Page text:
Israeli test-tube steak smells real, feels real… and may even be kosher
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Israeli test-tube steak smells real, feels real… and may even be kosher

Startup Aleph Farms Ltd. reproduces cells, creating first lab-made steak; it will take a few years until it makes its way to our plates

An illustration of the steak prototype produced in an  Aleph Farms Ltd. lab out of cow cells (Courtesy)
An illustration of the steak prototype produced in an Aleph Farms Ltd. lab out of cow cells (Courtesy)

Israeli startup Aleph Farms Ltd. made global headlines last week when it said it has created the first “test tube” steak, which looks like steak and feels like steak but was produced without killing animals. The taste is almost there, said CEO and co-founder Didier Toubia, and under certain conditions the meat could also be kosher.

“We’re shaping the future of the meat industry,” Toubia said in a phone interview on Sunday. “Last week we released a proof of concept showing that we can develop the full tissue of the meat. We demonstrated our ability to achieve that goal. We believe ours is the first real whole piece of meat grown outside of animals.”

The firm will need at least two more years of development before it has a commercial product available, he said.

The smell of the meat is very good but the taste requires more work, he said, to make it 100% the same as that of real meat. “We are not far,” he added.

Growing cows for meat has been found to have one of the largest negative impacts on the global environment, and reducing meat consumption is necessary to cut gas emissions and avoid climate change, a study in the journal Nature showed. Some 56 billion animals — cows, lamb and poultry — are slaughtered every year to feed the world, where consumption of meat is set to grow 70% by 2050, according to the Food and Agriculture Organization of the United Nations as middle classes in Asia and Africa join the trend.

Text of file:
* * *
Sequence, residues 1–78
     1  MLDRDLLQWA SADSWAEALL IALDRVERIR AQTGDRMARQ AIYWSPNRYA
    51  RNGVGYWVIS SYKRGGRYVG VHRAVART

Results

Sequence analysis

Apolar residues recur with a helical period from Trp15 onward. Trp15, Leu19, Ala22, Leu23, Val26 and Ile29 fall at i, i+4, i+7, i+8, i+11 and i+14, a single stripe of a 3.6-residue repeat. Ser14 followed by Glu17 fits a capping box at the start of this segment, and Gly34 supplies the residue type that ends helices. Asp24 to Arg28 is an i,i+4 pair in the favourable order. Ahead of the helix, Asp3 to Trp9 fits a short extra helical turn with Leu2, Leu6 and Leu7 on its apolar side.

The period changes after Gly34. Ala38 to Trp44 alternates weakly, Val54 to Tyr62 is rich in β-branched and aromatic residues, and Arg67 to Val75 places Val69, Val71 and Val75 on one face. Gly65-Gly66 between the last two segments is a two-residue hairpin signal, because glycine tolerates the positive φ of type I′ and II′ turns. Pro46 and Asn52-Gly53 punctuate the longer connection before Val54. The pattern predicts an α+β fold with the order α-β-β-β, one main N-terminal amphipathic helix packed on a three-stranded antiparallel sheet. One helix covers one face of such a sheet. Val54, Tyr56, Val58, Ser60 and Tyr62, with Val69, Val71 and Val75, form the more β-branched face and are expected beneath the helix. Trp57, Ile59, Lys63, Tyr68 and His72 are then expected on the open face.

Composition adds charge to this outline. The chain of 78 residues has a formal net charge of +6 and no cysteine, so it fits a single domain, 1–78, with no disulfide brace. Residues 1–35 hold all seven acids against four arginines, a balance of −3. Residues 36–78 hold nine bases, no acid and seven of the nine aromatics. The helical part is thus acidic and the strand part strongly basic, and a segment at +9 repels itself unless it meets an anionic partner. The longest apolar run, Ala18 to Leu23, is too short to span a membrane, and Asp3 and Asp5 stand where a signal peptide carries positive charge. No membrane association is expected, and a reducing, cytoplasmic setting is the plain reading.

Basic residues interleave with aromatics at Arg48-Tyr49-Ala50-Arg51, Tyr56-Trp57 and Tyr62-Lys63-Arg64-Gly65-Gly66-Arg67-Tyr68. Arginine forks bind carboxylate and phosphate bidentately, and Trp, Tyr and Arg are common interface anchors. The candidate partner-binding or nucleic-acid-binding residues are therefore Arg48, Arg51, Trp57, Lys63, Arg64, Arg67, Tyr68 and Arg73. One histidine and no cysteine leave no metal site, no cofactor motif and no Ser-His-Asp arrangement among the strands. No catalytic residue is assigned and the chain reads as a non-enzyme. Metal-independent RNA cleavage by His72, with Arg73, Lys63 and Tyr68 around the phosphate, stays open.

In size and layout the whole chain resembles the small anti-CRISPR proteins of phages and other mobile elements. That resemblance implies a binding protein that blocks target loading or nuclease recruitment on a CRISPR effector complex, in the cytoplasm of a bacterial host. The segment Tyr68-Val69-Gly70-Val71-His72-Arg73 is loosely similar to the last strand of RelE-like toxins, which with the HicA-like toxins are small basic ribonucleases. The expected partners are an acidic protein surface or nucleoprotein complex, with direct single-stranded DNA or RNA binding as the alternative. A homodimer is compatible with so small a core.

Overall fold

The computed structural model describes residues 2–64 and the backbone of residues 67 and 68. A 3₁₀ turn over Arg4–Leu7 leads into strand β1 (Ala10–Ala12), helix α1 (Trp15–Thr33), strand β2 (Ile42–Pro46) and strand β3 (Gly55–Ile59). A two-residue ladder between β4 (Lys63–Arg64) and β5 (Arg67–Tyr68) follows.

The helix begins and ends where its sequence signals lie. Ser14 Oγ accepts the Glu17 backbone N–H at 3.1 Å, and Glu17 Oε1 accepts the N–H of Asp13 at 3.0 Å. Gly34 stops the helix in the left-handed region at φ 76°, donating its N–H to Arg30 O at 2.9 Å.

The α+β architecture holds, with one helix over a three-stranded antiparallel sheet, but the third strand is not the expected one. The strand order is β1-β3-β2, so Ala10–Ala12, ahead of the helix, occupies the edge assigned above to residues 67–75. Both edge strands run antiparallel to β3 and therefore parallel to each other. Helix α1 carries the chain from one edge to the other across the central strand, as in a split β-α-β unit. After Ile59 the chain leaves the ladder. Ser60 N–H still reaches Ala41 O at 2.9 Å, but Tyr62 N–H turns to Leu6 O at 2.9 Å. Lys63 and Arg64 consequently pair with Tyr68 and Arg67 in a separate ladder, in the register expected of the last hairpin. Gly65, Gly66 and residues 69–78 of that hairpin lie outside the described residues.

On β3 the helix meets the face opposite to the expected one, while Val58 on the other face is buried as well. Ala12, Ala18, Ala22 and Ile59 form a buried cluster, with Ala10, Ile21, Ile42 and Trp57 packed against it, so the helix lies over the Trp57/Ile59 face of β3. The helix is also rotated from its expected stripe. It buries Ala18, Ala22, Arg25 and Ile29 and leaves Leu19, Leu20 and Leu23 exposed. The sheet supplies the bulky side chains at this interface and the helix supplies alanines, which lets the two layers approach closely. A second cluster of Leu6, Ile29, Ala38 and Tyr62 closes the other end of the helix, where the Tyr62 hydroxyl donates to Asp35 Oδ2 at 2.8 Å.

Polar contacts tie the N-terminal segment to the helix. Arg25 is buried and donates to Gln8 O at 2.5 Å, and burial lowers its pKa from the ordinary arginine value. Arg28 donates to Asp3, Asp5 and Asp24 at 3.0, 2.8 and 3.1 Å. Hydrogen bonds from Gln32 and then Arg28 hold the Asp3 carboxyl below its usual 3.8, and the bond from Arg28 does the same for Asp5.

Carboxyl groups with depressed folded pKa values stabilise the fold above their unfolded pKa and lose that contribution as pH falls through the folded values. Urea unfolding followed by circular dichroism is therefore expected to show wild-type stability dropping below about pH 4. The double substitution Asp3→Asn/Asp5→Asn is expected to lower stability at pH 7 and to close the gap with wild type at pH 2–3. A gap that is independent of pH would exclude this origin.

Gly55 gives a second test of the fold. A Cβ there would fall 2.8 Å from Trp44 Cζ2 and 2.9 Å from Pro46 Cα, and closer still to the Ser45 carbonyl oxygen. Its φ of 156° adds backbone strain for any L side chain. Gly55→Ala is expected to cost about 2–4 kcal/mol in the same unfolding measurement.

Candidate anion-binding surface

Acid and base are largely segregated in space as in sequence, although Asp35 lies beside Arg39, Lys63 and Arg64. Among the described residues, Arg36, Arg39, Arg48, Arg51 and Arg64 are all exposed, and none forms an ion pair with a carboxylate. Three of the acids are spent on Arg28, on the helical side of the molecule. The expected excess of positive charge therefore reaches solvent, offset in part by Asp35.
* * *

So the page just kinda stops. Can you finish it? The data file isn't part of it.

“This is not sustainable in the long term and we must find a way to solve this proteins crisis,” said Toubia by phone.

One approach is to create a plant-based diet — and there is a growing trend globally to grow proteins from plants — “but the consumption of this is not growing as fast as that of meat,” he explained. “So instead of replacing meat, we are saying let’s produce meat, but in a sustainable and clean way, without antibiotics and without slaughtering animals in the process.”

This second approach is done by developing cell-grown meat, which means growing meat from a few cells of a living animal, extracted painlessly. These cells are nourished and grow to produce a complex matrix that replicates muscle tissue. In comparison to conventionally produced European meat, cultured meat uses some 7-45 percent lower energy, 78-96% lower emissions, 99% lower land use, and 82-96% lower water use, a 2011 study showed.

One of the barriers to this kind of meat production has been getting the various cell types to interact with each other to build a complete tissue structure, as they would in the natural environment inside the animal. The challenge is to find the right nutrients and their combination that would allow the multicellular matrix to grow together efficiently, creating a complete structure. Aleph Farms said it overcame this obstacle thanks to a bio-engineering platform developed in collaboration with the Technion – Israel Institute of Technology, Haifa.

Aleph Farms Ltd. uses the ability of animals to grow tissue muscles, and harvests the cells to grow meat outside the animal (Courtesy)

“Making a patty or a sausage from cells cultured outside the animal is challenging enough; imagine how difficult it is to create a whole-muscle steak,” Toubia said in a statement released by the firm last week. “At Aleph Farms, this is not science fiction. We’ve transformed the vision into reality by growing a steak under controlled conditions. The initial products are still relatively thin, but the technology we developed marks a true breakthrough and a great leap forward in producing a cell-grown steak.”

To produce its meat, Aleph leverages the ability of animals to grow tissue muscle constantly. “We isolate the cells responsible for growing muscle tissue and reproduce the optimal conditions for these cells to grow into tissue. So, basically, we grow meat outside the animal.”

The tissue is grown in tanks that act as fermenters, similar to in a brewery. There the cells are nurtured, and shaped into a 3D structure that makes the meat.

The product has so far been produced only in labs. At commercial stage the cells will be grown in what Toubia says will be bio-farms.

The firm is now working on the final commercial design of the tanks and on the final formulation of the suspension in which the cells are cultured — the perfect balance of nutrients, vitamins and minerals to create the meat.